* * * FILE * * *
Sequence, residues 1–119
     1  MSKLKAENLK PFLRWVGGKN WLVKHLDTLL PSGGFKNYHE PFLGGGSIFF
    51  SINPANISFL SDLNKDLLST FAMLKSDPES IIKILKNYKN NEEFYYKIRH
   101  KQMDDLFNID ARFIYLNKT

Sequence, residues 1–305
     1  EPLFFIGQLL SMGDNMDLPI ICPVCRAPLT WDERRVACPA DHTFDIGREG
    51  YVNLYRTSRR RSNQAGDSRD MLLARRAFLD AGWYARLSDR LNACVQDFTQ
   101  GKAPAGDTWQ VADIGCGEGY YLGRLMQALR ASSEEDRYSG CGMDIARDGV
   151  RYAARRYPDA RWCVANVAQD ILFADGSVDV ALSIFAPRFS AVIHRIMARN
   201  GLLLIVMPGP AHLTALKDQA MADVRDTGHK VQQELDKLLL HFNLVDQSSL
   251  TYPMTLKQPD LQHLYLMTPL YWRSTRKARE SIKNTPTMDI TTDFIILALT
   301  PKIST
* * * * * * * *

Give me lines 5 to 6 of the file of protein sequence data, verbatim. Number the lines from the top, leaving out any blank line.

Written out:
Sequence, residues 1–305
     1  EPLFFIGQLL SMGDNMDLPI ICPVCRAPLT WDERRVACPA DHTFDIGREG